Philosophisches Jahrbuch

About

The journal is published twice a year and offers a wide-ranging, ambitious programme. Rigorously selected contributions present philosophical treatises from theoretical and practical fields, and share historical analyses and discoveries. Initiative essays by eminent philosophers are discussed in depth by invited ‘sparring partners’ in regular yearbook controversies. Critical reports and discussions provide an overview of trends in philosophical development. Important new philosophical publications are presented in book reviews; alongside these are the detailed, critical and further-reaching reviews.

Editors

Published by the Görres-Gesellschaft

  • Thomas Buchheim (managing)
  • Andrea Kern
  • Matthias Lutz-Bachmann
  • Isabelle Mandrella
  • irmin Stekeler-Weithofer
  • Wilhelm Vossenkuhl

Advisory Board

  • Hiroshi Abe (Kyoto)
  • Karl Ameriks (Notre Dame)
  • Emil Angehrn (Basel)
  • Manfred Baum (Wuppertal)
  • Myriam Bienenstock (Tours)
  • Rémi Brague (München)
  • Christine Chwaszcza (Köln)
  • Donatella Di Cesare (Rom)
  • Christoph Demmerling (Jena)
  • Mechthild Dreyer (Mainz)
  • Alexander Fidora (Barcelona)
  • Günter Figal (Freiburg)
  • Rainer Forst (Frankfurt/M.)
  • Raimond Gaita (London)
  • Marcela García (Los Angeles)
  • Petra Gehring (Darmstadt)
  • Carl Friedrich Gethmann (Siegen)
  • Michael Großheim (Rostock)
  • Stephan Grotz (Linz)
  • Stephan Hartmann (München)
  • Marion Heinz (Siegen)
  • Wolfram Hogrebe (Bonn)
  • Ludger Honnefelder (Bonn)
  • Vittorio Hösle (Notre Dame)
  • Johannes Hübner (Halle/S.)
  • Christian Illies (Bamberg)
  • Hidé Ishiguro (Tokyo)
  • Marco Ivaldo (Neapel)
  • Christoph Kann (Düsseldorf)
  • Heiner Klemme (Halle/S.)
  • Nikola Kompa (Osnabrück)
  • Michelle Kosch (Ithaca)
  • Katharina Kraus (Notre Dame)
  • Armin Kreiner (München)
  • Alejandro Llano (Pamplona)
  • Winfried Löffler (Innsbruck)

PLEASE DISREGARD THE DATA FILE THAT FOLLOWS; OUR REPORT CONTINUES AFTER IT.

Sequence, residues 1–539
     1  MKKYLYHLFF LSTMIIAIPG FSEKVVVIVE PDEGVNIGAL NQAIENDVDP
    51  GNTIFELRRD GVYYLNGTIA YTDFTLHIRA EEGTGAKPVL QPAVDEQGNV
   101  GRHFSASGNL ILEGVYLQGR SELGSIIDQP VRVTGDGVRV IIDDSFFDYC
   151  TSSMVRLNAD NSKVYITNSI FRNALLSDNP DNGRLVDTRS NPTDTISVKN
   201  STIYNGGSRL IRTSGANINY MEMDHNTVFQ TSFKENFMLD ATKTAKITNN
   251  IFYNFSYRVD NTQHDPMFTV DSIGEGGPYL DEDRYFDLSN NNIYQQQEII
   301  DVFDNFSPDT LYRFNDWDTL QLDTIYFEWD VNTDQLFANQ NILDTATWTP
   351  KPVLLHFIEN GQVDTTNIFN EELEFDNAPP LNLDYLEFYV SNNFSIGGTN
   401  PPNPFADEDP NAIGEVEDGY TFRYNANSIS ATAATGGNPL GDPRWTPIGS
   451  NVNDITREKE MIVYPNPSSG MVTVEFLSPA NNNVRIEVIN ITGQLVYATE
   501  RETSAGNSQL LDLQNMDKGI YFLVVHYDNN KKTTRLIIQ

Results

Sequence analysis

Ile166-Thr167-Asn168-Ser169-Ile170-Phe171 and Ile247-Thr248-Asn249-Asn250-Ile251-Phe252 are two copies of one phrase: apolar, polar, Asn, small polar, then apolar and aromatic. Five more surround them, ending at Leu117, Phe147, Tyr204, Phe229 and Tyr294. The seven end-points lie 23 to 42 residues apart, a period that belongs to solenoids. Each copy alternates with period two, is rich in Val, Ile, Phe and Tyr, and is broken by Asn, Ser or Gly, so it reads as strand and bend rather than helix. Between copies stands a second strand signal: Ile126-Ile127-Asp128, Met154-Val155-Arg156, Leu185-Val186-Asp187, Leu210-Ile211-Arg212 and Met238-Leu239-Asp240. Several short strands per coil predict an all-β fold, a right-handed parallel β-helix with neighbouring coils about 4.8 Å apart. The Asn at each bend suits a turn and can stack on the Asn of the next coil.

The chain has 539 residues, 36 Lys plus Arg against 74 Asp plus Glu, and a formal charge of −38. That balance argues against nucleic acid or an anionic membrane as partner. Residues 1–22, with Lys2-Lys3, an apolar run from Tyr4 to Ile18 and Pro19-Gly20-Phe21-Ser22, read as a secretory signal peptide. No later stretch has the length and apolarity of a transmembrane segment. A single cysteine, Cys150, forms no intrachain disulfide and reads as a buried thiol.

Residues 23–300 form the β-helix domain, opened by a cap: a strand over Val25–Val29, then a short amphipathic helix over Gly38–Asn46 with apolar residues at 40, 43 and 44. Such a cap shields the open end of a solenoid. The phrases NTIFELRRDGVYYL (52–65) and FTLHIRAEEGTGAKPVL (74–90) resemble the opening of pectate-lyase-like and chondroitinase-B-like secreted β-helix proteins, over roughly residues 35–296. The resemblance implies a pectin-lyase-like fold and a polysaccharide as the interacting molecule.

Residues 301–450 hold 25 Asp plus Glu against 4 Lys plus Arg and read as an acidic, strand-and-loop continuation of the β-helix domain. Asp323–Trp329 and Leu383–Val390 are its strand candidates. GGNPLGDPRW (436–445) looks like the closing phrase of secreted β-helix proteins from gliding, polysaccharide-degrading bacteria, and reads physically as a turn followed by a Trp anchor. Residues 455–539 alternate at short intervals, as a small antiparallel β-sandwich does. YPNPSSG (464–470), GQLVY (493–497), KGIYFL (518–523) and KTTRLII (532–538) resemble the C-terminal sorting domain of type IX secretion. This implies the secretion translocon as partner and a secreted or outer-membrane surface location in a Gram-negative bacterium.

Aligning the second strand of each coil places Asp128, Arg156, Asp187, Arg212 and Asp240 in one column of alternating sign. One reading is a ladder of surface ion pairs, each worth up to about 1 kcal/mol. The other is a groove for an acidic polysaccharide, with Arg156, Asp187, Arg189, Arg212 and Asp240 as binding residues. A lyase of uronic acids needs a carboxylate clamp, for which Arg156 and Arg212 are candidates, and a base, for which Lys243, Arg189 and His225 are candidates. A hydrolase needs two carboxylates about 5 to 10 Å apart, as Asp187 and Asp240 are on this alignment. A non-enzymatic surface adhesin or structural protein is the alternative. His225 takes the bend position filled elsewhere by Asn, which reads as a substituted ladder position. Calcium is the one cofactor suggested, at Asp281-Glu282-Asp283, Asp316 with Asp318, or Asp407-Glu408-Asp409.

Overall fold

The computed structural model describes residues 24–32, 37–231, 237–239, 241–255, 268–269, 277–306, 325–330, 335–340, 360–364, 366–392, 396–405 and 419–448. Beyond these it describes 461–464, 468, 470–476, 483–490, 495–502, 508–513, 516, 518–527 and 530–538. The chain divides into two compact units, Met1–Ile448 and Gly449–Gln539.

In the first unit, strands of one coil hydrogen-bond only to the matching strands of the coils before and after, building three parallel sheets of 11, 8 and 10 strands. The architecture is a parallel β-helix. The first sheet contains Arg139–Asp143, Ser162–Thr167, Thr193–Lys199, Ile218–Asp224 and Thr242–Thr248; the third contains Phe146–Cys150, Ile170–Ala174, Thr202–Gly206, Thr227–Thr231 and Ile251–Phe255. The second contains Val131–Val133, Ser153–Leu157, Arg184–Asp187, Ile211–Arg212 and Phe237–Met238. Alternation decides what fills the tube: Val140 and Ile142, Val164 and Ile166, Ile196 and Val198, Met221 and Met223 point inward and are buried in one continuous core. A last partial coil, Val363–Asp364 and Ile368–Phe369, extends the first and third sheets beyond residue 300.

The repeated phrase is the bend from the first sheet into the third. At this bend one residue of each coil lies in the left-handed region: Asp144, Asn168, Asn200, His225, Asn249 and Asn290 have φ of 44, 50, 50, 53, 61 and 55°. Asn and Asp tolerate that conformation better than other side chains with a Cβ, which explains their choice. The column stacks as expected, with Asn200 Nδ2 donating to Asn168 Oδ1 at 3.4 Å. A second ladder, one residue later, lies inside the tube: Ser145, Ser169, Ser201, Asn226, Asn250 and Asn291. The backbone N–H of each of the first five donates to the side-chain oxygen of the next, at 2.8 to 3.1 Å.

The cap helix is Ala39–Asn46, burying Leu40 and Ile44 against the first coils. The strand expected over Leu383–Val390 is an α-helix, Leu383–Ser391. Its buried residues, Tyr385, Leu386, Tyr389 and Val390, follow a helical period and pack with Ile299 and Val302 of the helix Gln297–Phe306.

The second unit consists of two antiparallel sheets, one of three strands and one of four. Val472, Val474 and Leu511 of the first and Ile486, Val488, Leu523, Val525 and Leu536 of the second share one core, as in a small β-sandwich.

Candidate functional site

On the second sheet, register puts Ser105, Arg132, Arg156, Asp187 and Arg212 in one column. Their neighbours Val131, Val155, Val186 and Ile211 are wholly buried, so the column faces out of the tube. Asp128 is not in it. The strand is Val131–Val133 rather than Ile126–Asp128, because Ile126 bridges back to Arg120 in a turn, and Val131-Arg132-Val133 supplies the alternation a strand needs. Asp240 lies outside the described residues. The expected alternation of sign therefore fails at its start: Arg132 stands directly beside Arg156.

• Christian Martin (München)
  • Erasmus Mayr (Erlangen-Nürnberg)
  • Roberta De Monticelli (Mailand)
  • Karin Nisenbaum (Syracuse)
  • Jörg Noller (München)
  • Kristof Nyirí (Budapest)
  • Mathias Obert (Kaohsiung)
  • Ryôsuke Ohashi (Kyoto)
  • Elif Özmen (Gießen)
  • Onora O’Neill (Cambridge)
  • Volker Peckhaus (Paderborn)
  • Dominik Perler (Berlin)
  • Julia Peters (München)
  • Michael Quante (Münster)
  • Nicholas Rescher (Pittsburgh)
  • Friedo Ricken † (München)
  • Thomas Ricklin † (München)
  • Edmund Runggaldier (Innsbruck)
  • Stephan Schick (Leipzig)
  • Thomas Schmidt (Frankfurt/M.)
  • Yossef Schwartz (Tel Aviv)
  • Ludwig Siep (Münster)
  • Andreas Speer (Köln)
  • Eleonore Stump (St. Louis)
  • Gabriele Tomasi (Padua)
  • Peter Trawny (Wuppertal)
  • Dietmar von der Pfordten (Göttingen)
  • Robert Yelle (München)
  • Paul Ziche (Utrecht)

Editorial office

  • PD Dr. Jörg Noller
  • Max Stange M.A.

redaktion.phj@lrz.uni-muenchen.de

Guidelines for Authors

Publishing Open Access

The Journal Philosophisches Jahrbuch is not an open access journal. However, it is possible to publish individual articles in the journal open access by making the digital version freely available under a Creative Commons license chosen by the respective author(s). The publisher requires a fee to cover the publication costs (Article Processing Charge – APC) in the amount of 1,990.00 EUR (plus VAT). Many scientific institutions and science funding bodies provide corresponding funds for the publication of research results.